Pluck v. t. [imp. & p. p. Plucked p. pr. & vb. n. Plucking.]
1. To pull; to draw.
Its own nature . . . plucks on its own dissolution. --Je░. Taylor.
2. Especially, to pull with sudden force or effort, or to pull off or out from something, with a twitch; to twitch; also, to gather, to pick; as, to pluck feathers from a fowl; to pluck hair or wool from a skin; to pluck grapes.
I come to pluck your berries harsh and crude. --Milton.
E'en children followed, with endearing wile,
And plucked his gown to share the good man's smile. --Goldsmith.
3. To strip of, or as of, feathers; as, to pluck a fowl.
They which pass by the way do pluck her. --Ps. lxxx.░2.
4. Eng. Universities To reject at an examination for degrees.
To pluck away, to pull away, or to separate by pulling; to tear away.
To pluck down, to pull down; to demolish; to reduce to a lower state.
to pluck off, to pull or tear off; as, to pluck off the skin.
to pluck up. (a) To tear up by the roots or from the foundation; to eradicate; to exterminate; to destroy; as, to pluck up a plant; to pluck up a nation. --Jer. xii. 17. (b) To gather up; to summon; as, to pluck up courage.
Pluck, v. i. To make a motion of pulling or twitching; -- usually with at; as, to pluck at one's gown.
1. The act of plucking; a pull; a twitch.
2. The heart, liver, and lights of an animal.
3. Spirit; courage; indomitable resolution; fortitude.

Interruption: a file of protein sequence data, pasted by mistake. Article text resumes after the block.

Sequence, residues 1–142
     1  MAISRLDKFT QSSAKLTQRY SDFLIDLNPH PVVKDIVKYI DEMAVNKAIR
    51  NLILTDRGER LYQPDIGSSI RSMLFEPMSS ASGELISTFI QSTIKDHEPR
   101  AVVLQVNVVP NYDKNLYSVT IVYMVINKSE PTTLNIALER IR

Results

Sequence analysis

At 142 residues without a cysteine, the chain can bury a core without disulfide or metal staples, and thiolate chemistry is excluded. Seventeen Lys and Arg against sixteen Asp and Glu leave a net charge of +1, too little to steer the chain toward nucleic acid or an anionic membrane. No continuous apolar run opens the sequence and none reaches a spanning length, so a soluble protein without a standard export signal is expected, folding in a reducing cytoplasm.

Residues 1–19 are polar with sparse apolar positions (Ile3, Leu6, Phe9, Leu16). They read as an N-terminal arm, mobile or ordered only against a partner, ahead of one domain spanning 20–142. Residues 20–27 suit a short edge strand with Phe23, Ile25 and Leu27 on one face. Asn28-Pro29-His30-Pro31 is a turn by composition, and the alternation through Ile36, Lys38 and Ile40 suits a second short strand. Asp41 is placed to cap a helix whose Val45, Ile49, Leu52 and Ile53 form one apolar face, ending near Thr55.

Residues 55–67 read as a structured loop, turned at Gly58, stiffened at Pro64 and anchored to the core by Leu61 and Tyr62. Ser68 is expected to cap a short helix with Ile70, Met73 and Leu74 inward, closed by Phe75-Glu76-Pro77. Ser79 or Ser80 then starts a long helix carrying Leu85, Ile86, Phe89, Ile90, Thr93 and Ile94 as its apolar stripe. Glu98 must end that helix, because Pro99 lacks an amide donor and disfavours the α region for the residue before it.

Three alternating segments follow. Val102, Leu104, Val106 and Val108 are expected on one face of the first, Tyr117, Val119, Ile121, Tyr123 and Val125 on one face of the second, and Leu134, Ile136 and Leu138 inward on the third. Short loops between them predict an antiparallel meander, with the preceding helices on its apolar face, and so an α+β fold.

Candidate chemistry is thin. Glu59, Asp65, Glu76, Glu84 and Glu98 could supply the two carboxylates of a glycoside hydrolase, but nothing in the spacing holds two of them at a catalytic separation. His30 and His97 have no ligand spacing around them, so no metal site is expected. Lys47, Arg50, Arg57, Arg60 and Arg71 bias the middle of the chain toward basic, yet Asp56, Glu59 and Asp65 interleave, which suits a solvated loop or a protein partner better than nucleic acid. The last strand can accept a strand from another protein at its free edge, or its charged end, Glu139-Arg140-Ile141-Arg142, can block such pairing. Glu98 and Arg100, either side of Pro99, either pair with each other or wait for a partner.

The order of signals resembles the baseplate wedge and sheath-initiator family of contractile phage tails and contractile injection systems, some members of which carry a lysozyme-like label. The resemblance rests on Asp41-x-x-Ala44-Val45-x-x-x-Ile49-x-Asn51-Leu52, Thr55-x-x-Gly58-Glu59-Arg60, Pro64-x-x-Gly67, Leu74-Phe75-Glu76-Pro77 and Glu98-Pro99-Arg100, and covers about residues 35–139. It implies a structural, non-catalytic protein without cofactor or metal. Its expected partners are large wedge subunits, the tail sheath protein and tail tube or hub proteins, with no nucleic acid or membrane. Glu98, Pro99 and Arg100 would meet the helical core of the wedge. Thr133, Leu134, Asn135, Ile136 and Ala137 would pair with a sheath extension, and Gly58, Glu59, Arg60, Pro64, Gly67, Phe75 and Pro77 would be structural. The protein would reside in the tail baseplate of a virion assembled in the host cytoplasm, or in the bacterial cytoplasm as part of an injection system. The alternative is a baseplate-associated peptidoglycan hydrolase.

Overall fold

Decay of English spirit, decay of manly pluck. --Thackeray.
4. The act of plucking, or the state of being plucked, at college. See Pluck, v. t., 4.
5. Zool. The lyrie. [Prov. Eng.]
n 1: the trait of showing courage and determination in spite of
possible loss or injury [syn: gutsiness, pluckiness]
2: the act of pulling and releasing a taut cord
v 1: pull or pull out sharply; "pluck the flowers off the bush"
[syn: tweak, pull off, pick off]
2: sell something to or obtain something from by energetic and
especially underhanded activity [syn: hustle, roll]
3: rip off; ask an unreasonable price [syn: overcharge, soak,
surcharge, gazump, fleece, plume, rob, hook]
4: pull lightly but sharply with a plucking motion; "he plucked
the strings of his mandolin" [syn: plunk, pick]
5: strip of feathers; "pull a chicken"; "pluck the capon" [syn:
pull, tear, deplume, deplumate, displume]
6: look for and gather; "pick mushrooms"; "pick flowers" [syn: